PSA: Some wheelchair users can *GASP* walk

Wheelchairs are used for many disabilities; it could be very painful to walk, one may lack the strength to walk, be prone to fainting, have hypermobility, shortness of lung capacity, fragility of joints, muscles, or skin etc. 

REBLOG so people STOP harassing wheelchair users when they stand up and even WALK out their chairs in public.

Disability Misconceptions

Able folks seriously watch one too many misrepresentative films with wheelchair users because they STAY suspicious AF when they find out a wheelchair user can walk a bit.


  • So why are you in a chair then?
  • What do you have?
  • So this isn’t permanent then? When are you gonna be done with the chair?


  • For FUN, seriously you haven’t LIVED until you try getting around an inaccessible city in a wheelchair!! /sarcasm
  • None of your business. 
  • Probably never so stop asking.

Disabilities are on a spectrum and my body isn’t up for your inspection!!

Let disabled people LIVE!!!!!

The Other Side of Your Unsolicited Health Advice

TW: health, illness, weight loss/gain

You should try yoga!

I risk dislocation with the slightest movement and certain positions can make me injure myself or pass out.

You should travel farther to see specialists!
For the time being I do not have the money to even get the basic care that I need, much less travel.

You should lose/gain weight!
My illness has caused me to lose/gain weight, my medication that is keeping me stable has caused me to lose/gain weight, my body is in too much pain or too fragile for physical fitness, I need to eat certain foods so I don’t pass out, I need to eat certain foods because it is what I can afford.

You should try meditation and positive thinking!
If your body is collapsing underneath your skin, all the meditation and positive thinking in the world will not stop the pain, will not stop it from happening.

You’ll never get better if you don’t [physically] push yourself!
What makes you think I don’t push myself every day that I breathe? Every day that I’m still here? Pushing myself beyond what I can do does not improve the symptoms of my illness, in fact will just cause me more pain, and maybe even cause myself physical injury.

Tea and herbs help cure everything.
Not everything.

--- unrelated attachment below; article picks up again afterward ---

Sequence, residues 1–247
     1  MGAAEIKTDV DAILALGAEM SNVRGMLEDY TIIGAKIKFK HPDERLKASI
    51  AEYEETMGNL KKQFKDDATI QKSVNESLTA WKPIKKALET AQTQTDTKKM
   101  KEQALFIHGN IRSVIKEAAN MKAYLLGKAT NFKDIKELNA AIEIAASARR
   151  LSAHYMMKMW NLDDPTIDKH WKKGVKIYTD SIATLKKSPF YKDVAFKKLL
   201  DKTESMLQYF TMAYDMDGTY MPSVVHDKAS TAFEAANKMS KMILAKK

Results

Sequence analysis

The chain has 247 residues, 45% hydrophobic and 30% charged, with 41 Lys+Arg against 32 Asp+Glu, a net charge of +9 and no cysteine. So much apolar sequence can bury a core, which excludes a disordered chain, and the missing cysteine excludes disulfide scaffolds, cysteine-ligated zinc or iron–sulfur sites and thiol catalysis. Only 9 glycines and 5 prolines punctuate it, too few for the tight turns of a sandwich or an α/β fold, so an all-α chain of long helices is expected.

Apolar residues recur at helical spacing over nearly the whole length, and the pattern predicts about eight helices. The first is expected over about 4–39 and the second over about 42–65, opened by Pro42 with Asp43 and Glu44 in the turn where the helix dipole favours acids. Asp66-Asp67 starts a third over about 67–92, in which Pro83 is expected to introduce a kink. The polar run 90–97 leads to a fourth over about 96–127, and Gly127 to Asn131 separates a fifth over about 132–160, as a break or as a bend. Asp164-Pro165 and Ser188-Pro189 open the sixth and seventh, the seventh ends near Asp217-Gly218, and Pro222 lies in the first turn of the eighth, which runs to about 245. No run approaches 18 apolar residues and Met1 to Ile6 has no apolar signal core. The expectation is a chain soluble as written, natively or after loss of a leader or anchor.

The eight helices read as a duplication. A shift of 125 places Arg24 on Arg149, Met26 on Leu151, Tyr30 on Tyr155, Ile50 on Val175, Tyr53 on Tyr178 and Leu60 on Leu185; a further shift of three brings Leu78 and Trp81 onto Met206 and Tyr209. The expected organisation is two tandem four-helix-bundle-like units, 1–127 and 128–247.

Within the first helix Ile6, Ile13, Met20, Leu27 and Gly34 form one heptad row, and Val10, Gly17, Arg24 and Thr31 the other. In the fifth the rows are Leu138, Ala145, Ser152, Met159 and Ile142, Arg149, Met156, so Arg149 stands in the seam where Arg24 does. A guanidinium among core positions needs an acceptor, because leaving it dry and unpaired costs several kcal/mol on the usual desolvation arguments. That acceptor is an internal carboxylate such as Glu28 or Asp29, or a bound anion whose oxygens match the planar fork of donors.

Don’t worry, you’ll find a cure.
There isn’t one, there may not ever be one, and it’s not my top priority in comparison to living the best life I can at this very moment, sick or not.

To my non-sick loved ones: I’ve heard these suggestions a million times already, when people find out I’m chronically ill or even when I’m out in public in my wheelchair, total strangers feel entitled to approach me and tell me how I should be living my life and the decisions I should be making for my body, so please stop using my illness and unsolicited health advice as a way to connect with me. Can we just talk about other things? Can you NOT participate in the endless carousel, the montage of people that condescend to me and try to tell me what to do with my body? Can you be my friend even if I never get better? Talk to me, but talk to me in a non-infantilizing or condescending way about my body and my medical journey. Talk to me about pretty much anything else.

Becoming Disabled and Internalized Ableism

TW: ableism

It’s such an interesting dynamic for the older people in the house to be going through disability for the first time and calling themselves ugly or worthless, causing themselves injury because they refuse to use their aids because of internalized ableism, and not only do I mean it when I encourage them, but I feel like I have to defend my young and disabled existence at the same time.

Disability affects all of us differently, and the intersection of being elderly and disabled is something I still have so much to learn about, but ableism is the thing that makes it hard to accept who we are, accept that we need certain accomodations and feel entitled to those accommodations.

Older people I love who are becoming disabled, literally say things like “I will not be an invalid” because this is the ableism society perpetuates, this idea that disability is the end. Fight that brainwashing. Know its not over til it’s over! You can adapt to anything! Life is still worth living!! You are still worthy of life and happiness! Always!!

Non disabled people, think about it this way for the rest of your life, something that is a mere convenience to you, something that might seem absolutely ridiculous to you, means accessibility for someone else, means equal access to the things you have access to! 

I am getting REALLY tired of the items and accomodations people with disabilities need in order to get things done being met with outrage and being called ‘’LAZY’ and in effect getting eliminated, discontinued, etc.

Re: "omg I can't say/call them ____ now?"

It’s not that you have to worry about who you offend, it’s that you have to be critical about your unconscious thoughts and the role you play in oppressive systems.

It’s acknowledging that possibly, you are a power majority to a power minority. It’s understanding that offenses are the very least of it; you underestimate the button you push because you lack their specific experience.

“Offended” is often the people that have had their limit of the same offenses day after day, it is the exhaustion of being under and misrepresented, misunderstood and discriminated against, it is closed and slammed doors, it is having to justify your existence with every breath you take. You’d be sick of it too.

Throughout history, society has committed many wrongs, but change is how we got as far as we have today. Tradition and habit do not excuse wrong doings; we learn, we grow, we do better the next day.

You’re exhausted with having learn or re-learn/correct a few facts about certain communities, while they are exhausted of fighting for their lives.

She will be punished.